Carbon pictures, weird and ghostly, of night
+++ Dragons crouched to spring,
Warily silent and foreboding, menacing,
+++ like a wounded thing –
Smoky masses, deeply shadowed, with outlines blurred
+++ that mystify –
Trees clutch the heart in night’s dark silence
+++ silhouetted against the sky.

Augusta Wray
+++ from Engravings on Sand, Poets Press, Charlotte NC, © 1959

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Last week I received Engravings on Sand in the mail. Bibliophile Carmela Dodd discovered it at a flea market and upon reading its inscription by Augusta Wray to “Mrs. Charles Evans,” Carmela felt that the book deserved a home with the North Carolina Poetry Society. Thank you, Carmela! What an amazing artifact and memorial during the Society’s 90th anniversary year.

Dorothy Edwards Summerrow, who edited the collection, writes this to begin her foreward: When, at Augusta Wray’s request, I was given the pleasure of compiling and editing “Engravings on Sand,” there was turned over to me a large suitcase literally bulging with poetry manuscript. Dorothy describes excitement but also dismay at selecting the best work of one of North Carolina’s finest poets . . . because I must of necessity select for public inspection, only a small fraction of the prodigious output of her private heart.

In 1959 Augusta Wray was 83 years old. She had been widowed four years earlier. She and her husband had no children nor other close family; she told Dorothy, “My poems are my children.” Dorothy describes the treasure before her: When I opened the suitcase entrusted to me, the sparkle of the poems made the dark, rainy afternoon brilliant with the fire of many gems.

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Release

In the dark and tranquil stillness of the night
When quietude has simulated peace,
When joy is born without the aid of light
And sorrows softly fade away and cease,
When weary eyes are drifting into sleep
That carries them afar from day’s dull care,
When dreams appear invitingly to seep
Through all perplexities and leave them bare –
Then does the spirit take command and things
Become unreal and float away like foam;
The soul is loosed and on unweary wings
takes leave of what was once its mortal home.
++ The soul and body separate, go free,
++ When sleep, or death, gives them their liberty.

Augusta Wray
+++ from Engravings on Sand

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Nocturne in Silver

Silver shadows in somber silence
Wrap folds around the tranquil night,
Silver rain from a silver moon
Pours its radiance through silver light.

Sleeping leaves from moon-drenched branches
Drip silver pendants edged with pearl,
Flowers with their petals closing
Gleam with silver as the furl.

Cobwebs, silver-strewn with dewdrops,
Chiming tone when brushed by moth wings,
Are silken harps, tht quivering, make
Plaintive music from silver strings.

Augusta Wray
+++ from Engravings on Sand

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The seasons . . . love . . . death . . . these are the themes of most of Augusta Wray’s collected poems. She is steeped in Carolina culture and climes. In this final poem I’ve chosen, though, I hear an understated voice of longing and regret. Perhaps she refers here to her childlessness, but perhaps she is opening herself, and her readers, to discovering beauty in the reality that is her life – who cares what it may have seemed to some to lack?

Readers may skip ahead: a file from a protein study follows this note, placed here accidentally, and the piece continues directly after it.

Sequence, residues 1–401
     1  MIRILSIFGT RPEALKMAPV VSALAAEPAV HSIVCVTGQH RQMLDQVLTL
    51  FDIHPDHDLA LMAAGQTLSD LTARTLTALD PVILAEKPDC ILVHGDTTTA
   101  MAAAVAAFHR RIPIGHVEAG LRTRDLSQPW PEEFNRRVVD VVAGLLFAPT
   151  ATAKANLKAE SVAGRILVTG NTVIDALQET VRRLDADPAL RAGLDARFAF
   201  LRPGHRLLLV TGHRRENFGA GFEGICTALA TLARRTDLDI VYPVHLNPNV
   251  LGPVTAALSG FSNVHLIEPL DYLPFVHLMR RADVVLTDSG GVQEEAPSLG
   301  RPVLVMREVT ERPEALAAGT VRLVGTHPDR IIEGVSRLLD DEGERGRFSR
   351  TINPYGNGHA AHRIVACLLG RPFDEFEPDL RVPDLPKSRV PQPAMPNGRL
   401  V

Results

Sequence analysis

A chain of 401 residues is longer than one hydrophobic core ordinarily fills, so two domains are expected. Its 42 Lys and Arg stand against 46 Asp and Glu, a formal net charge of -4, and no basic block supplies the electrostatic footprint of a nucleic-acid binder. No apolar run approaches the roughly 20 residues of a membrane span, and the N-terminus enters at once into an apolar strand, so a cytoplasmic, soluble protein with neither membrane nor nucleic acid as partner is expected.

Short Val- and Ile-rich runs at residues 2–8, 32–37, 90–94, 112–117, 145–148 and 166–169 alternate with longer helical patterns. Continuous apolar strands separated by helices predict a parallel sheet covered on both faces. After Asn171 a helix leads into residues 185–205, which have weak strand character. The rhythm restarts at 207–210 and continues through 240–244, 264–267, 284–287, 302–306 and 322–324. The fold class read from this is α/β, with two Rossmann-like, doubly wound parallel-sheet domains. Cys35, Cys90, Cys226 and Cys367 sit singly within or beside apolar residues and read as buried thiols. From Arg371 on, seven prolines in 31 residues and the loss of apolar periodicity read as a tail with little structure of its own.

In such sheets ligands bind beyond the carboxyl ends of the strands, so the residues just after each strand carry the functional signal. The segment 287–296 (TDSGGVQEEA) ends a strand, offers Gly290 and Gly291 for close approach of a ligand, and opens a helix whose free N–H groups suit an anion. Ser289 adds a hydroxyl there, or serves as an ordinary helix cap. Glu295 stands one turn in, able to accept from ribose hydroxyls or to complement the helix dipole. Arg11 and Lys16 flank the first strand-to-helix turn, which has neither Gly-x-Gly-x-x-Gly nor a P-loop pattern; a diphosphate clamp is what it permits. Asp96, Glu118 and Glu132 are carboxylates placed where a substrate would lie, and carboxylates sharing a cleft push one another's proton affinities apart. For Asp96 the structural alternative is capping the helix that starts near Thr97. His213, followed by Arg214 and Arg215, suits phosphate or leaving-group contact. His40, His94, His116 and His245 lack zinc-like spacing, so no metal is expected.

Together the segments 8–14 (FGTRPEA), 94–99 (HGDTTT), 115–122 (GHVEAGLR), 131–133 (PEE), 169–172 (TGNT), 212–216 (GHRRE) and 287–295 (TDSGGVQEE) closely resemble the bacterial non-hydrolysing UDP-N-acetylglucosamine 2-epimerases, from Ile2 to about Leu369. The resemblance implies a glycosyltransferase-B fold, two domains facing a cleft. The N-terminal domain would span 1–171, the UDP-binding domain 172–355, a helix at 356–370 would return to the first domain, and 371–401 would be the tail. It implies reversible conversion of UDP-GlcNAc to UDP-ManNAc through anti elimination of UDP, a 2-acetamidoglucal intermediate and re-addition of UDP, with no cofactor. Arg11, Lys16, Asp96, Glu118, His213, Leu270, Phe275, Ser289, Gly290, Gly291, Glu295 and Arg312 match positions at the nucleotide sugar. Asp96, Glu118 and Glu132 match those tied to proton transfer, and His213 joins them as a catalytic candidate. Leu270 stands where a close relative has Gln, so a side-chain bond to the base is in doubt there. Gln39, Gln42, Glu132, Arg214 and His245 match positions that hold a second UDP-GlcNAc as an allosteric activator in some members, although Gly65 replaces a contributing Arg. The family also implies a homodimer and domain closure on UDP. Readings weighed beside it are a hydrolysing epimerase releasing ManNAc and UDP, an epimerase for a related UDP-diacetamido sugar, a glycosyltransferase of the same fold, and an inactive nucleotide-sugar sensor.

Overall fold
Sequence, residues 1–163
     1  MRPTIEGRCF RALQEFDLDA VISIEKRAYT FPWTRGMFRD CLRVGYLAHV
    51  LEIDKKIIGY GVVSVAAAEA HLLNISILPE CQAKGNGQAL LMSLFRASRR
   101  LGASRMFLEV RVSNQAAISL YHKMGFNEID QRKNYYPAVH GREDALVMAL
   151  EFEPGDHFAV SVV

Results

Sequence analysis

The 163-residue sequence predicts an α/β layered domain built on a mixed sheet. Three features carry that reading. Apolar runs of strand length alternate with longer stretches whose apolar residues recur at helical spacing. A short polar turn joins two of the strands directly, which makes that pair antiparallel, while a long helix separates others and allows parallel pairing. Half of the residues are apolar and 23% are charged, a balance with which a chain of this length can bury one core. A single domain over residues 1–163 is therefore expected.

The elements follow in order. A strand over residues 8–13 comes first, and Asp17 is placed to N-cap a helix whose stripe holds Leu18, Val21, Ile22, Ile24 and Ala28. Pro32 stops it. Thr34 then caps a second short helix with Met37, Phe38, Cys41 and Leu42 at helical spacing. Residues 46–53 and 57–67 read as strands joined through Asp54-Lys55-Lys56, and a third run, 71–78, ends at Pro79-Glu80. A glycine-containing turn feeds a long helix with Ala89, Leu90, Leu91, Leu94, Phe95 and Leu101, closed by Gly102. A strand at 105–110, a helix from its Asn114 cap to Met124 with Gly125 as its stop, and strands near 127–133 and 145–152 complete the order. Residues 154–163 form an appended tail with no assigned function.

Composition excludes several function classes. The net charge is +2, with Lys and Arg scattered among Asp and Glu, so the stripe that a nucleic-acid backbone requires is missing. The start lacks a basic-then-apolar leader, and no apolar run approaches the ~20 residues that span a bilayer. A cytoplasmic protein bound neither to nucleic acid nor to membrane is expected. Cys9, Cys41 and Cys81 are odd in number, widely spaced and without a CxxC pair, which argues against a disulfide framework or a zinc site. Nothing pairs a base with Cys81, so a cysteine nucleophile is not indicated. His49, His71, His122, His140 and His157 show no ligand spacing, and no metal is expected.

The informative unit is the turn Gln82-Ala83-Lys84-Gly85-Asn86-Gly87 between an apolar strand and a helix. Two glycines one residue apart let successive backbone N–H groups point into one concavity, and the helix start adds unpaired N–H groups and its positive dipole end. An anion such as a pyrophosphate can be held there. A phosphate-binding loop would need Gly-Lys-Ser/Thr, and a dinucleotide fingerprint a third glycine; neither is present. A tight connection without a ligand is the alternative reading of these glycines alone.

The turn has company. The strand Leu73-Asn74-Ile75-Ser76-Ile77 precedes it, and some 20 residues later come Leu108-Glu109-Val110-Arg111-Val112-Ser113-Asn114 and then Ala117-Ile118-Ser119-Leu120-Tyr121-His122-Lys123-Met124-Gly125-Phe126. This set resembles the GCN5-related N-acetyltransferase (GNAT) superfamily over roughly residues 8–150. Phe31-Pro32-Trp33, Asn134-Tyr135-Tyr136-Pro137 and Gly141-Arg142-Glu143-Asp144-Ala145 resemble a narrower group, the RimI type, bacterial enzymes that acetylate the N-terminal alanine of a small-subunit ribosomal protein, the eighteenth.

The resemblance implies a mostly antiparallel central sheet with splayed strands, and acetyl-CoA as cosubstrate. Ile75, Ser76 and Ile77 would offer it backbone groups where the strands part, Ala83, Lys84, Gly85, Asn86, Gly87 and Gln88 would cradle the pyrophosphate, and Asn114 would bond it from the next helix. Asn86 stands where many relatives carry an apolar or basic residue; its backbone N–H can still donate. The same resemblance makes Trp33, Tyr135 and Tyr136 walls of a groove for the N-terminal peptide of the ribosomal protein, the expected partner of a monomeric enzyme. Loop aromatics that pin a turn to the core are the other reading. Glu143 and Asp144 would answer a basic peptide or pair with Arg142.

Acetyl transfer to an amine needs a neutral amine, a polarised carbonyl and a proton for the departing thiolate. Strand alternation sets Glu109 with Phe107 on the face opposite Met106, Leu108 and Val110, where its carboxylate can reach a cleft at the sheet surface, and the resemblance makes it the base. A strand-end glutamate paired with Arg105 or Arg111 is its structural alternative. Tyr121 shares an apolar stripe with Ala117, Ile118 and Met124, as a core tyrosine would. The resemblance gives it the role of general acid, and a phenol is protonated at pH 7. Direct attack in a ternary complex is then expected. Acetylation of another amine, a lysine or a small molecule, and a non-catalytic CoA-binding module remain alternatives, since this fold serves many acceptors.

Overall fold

Flowering Plum

In loveliness she stands,
Blonde beauty rare,
With white and fragile hands
Folded in prayer.

Of bridal purity,
A perfumed veil
Hides with security
A body frail.

The season waits for her,
She blooms each year
When winds softly murmur:
“Spring is now here.”

Feathered choristers sing
Blithely and loud,
Sheltered beneath the wing
Of petaled cloud..

Lonely she stand apart,
No fruit she bears.
Such beauty serves the heart.
Barren? . . . Who cares?

Augusta Wray
+++ from Engravings on Sand

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Dorothy Edwards Summerrow was a renowned Carolina poet herself, winner in 1957 of the Roanoke-Chowan Award for Poetry. She also noted in the foreward: In Silver Echoes, the poetry anthology published in the spring of 1959 by the North Carolina Federation and edited and compiled by this editor, more of [Augusta Wray’s] poetry is included that that of any other writer in the state.

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History of the North Carolina Poetry Society

Charlotte / Mecklenburg historical timeline

Roanoke-Chowan Award for Poetry

2015-06-15Doughton Park Tree

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[with 3, no, 4 poems by Paul Jones]

Oh well . . . life goes on . . .

No it doesn’t! Who ever said that? At least not on and on and on. And the problem is not growing old, the problem is everyone around me is growing older.

I’m biased and I know it – too many all-nighters in the ICU knowing my patients will never wake up, will never breathe again without that machine. Why choose to prolong those hours? Too many weekly visits to the nursing home, my patients who will never again chew, swallow, recognize, understand, smile. Why choose to prolong those days?

Still, when you are breathing and smiling there’s a huge hurdle to leap before you’re willing to talk about how you want your body treated when you can’t breathe or smile. Easy to put off making that living will when you’re in the midst of living; too late when you’re in the midst of dying.